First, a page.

Three things Mauro Biello has to get right in Copa América qualifier vs. Trinidad & Tobago
Amidst the rumblings that they might bring in a new face soon, it looks like the CanMNT won’t be hiring a new head coach for at least the next few months, as they announced Friday that interim head coach Mauro Biello will remain behind the team’s bench heading into the March window.
Because of that, it means that Biello will be on the sidelines when Canada takes on Trinidad & Tobago in a one-off Copa América playoff qualifier in Frisco, Texas on March 23rd, as they try and book their qualification to a special expanded edition of South America’s marquee tournament, to which six Concacaf nations were invited.
Mauro Biello to lead #CANMNT into a decisive March clash with Copa América qualification on the line ⚔️— Canada Soccer (@CanadaSoccerEN) January 19, 2024
"I want us to get back into that mindset, to live great moments in this country" pic.twitter.com/gSSnXeiBs7
Unfortunately for Canada, however, they missed out on their first window to automatically qualify as one of the first four of those six teams, as they fell to Jamaica in the Concacaf Nations League quarter-finals via away goals after drawing 4-4 on aggregate, leaving them to have to participate in the playoff.
As a result, they must now win this match to qualify for their first-ever Copa América or miss out altogether. Considering that would deny them a chance to play in a group with defending World Cup and Copa América champions, Argentina, along with experienced Conmebol sides Peru and Chile, that would be a huge missed opportunity for this Canadian team.
Because of that, it puts a lot of pressure on Biello in this camp, who hasn’t had the strongest start to his tenure as interim head coach, losing his first game against Japan 4-1, before watching his team let multiple leads slip across the tie against Jamaica, which saw them lead Jamaica 3-1 at half time of the second leg.
Especially given that Biello has faced a lot of scrutiny as one of the key factors as to why that lead was blown, with the timing and selection of his substitutions becoming a big talking point post-match, he’ll have to find a way to earn back the confidence of Canadian fans who felt his decisions cost Canada against Jamaica.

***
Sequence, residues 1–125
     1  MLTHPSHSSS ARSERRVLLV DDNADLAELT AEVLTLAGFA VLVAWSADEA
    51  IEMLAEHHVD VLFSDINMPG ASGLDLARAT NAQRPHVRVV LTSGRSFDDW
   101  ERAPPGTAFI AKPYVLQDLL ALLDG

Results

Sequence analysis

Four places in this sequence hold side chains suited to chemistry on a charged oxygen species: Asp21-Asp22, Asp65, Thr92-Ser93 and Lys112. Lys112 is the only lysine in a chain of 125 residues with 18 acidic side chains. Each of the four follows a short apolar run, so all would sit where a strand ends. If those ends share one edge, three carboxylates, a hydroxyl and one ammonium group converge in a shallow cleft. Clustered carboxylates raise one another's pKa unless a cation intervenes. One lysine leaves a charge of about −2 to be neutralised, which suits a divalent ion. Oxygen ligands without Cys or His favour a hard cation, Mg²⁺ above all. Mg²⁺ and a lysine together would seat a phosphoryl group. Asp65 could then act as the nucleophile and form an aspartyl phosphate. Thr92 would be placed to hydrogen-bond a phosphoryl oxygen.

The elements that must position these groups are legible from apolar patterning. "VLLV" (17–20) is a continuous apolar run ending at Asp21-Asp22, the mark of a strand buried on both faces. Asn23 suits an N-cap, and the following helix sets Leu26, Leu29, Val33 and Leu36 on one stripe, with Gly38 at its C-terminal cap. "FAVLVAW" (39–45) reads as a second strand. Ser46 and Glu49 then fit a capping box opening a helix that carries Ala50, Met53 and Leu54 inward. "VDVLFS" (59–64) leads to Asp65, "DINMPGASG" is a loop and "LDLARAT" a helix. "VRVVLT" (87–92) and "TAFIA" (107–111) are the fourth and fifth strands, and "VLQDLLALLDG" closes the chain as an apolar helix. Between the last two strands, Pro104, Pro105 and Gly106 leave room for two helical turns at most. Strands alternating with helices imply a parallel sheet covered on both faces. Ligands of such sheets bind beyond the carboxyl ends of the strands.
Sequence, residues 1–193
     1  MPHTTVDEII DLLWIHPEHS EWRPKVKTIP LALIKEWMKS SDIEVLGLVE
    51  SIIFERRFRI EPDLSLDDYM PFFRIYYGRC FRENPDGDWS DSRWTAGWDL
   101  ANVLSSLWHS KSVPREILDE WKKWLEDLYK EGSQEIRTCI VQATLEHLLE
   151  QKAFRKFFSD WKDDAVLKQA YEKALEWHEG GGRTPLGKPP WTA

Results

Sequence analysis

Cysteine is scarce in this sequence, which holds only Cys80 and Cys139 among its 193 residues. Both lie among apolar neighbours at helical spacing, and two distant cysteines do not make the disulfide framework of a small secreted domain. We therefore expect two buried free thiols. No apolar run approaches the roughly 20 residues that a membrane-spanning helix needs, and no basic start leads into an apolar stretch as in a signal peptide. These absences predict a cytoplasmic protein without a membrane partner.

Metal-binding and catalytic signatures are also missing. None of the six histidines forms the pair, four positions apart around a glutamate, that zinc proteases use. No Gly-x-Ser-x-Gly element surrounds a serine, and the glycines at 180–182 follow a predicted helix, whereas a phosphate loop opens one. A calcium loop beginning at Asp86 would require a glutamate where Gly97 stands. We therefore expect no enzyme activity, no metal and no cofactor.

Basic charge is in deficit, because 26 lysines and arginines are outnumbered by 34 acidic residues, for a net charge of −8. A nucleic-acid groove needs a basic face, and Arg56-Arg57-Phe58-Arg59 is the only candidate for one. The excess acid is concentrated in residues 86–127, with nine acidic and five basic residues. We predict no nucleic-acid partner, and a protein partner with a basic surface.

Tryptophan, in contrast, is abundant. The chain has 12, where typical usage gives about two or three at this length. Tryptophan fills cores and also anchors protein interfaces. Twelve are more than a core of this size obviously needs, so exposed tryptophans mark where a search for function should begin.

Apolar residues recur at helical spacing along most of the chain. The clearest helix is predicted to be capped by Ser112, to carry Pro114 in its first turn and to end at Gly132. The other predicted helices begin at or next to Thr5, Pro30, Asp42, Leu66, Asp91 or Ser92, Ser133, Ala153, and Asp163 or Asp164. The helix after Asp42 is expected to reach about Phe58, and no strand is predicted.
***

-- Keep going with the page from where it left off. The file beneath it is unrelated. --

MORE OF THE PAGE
Yet, that just shows why this is such a big decision for the CanMNT, as they must now hope that Biello can adjust from what he learned across that Jamaica tie, and get the job done against Trinidad & Tobago, knowing that a loss in that game could be catastrophic for the goals and aspirations of this team.
With that in mind, though, here’s a look at three things Biello will need to do in this game to avoid the mistakes that cost his team against Jamaica, as he looks to put this Canadian team back on track toward their Copa América dreams after their November setback.
Select an in-form squad:
To begin, Biello’s first big task will be to select the right squad for this window.
In particular, there will be one area he’ll need to hone in on when doing so, too - ensuring that the squad he brings is in the best form possible for their clubs.
After picking more of a veteran squad in his last two camps, to mixed success, it could be a huge difference-maker for him, especially when it comes to later on in games.
Just take the second leg of the Jamaica tie, for example. There, when turning to his bench, Biello’s preferred options were Jonathan Osorio, Mark-Anthony Kaye, Jacen Russell-Rowe, Junior Hoilett and Liam Millar.
The latter three were all in solid form for their clubs, so it wasn’t a huge surprise to see them coming on, but given that Osorio hadn’t played in weeks after Toronto FC missed out on the playoffs, while Kaye was coming off a red card suspension with the New England Revolution, one would have wondered if Canada could have turned to a more in-form midfield option to help shore up the middle of the park instead of both of those two, for example.
Especially as Canada tried to adjust to a Jamaican team that had started to dominate the midfield in the second half, it could’ve helped them counter that, instead of getting overrun as they eventually did.
Because of that, it’ll be important for Biello to turn to players in the best form when the March window comes around.
For example, with it coming so early in the MLS season, which starts at the end of February, he’ll have to be careful with how he handles some of those players, as some of them could be battling rust, which could be a key factor.
It won’t make a huge difference across the entirety of the game, as most of Canada’s top players and usual starters are playing regularly in Europe at the moment, but it could help when it comes to substitutions, and that can sometimes be the difference between losing and winning a close game, something that Biello knows well from the Jamaica tie.